The long-term unemployed are just as much a part of the U.S. workforce as those jobless for shorter spells, and should not be discounted as policy makers try to assess much unused capacity remains, New York Fed economists write in a new blog post.
The finding counters papers by economists such as former White House adviser and Princeton University professor Alan Krueger, who argued the large numbers of workers out of a job for six months or longer would not provide a cushion against inflation because they face greater challenges in returning to work.
“The long-term unemployed should not be excluded from measures of labor market slack,” the New York Fed authors write. “If anything, the long-term unemployed group has the largest share of prime-age workers, the age group likely to have the strongest labor force attachment.”
They cite high levels of long-term unemployment in a wide range of sectors as a sign that this is an “economy-wide phenomenon, spread across industries and occupations.”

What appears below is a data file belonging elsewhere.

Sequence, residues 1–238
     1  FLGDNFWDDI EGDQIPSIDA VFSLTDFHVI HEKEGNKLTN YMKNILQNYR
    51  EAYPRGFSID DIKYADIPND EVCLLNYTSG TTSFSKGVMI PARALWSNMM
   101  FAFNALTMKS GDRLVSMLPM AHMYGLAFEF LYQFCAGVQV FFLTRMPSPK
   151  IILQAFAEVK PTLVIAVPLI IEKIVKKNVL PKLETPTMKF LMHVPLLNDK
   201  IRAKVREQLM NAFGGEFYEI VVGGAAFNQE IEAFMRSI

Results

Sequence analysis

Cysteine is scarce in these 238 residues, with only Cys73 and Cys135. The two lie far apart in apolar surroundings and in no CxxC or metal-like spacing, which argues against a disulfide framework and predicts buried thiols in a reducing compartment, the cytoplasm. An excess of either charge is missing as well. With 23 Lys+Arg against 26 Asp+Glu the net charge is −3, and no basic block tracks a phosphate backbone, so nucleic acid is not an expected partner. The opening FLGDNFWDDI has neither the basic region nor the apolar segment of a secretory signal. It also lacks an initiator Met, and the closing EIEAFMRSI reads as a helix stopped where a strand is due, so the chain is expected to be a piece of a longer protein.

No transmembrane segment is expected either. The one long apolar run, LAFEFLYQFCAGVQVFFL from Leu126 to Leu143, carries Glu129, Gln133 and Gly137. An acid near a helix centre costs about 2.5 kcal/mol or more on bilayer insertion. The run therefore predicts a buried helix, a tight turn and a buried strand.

The debate is an important one for Fed policy. If the long-term unemployed are considered part of job market slack, then the Fed can wait longer than otherwise before raising short-term interest rates from near zero. Conversely, counting the long-term jobless as somehow more detached from the labor force would argue for lifting rates sooner.
The New York Fed research is fairly unequivocal in choosing sides: “It’s hard to argue that they should not be considered as part of labor market slack.”
The Fed last month concluded its latest round of bond buys and said it would likely interest rates very low for a “considerable time” longer. Many investors expect the first rate increase sometime in mid-2015.
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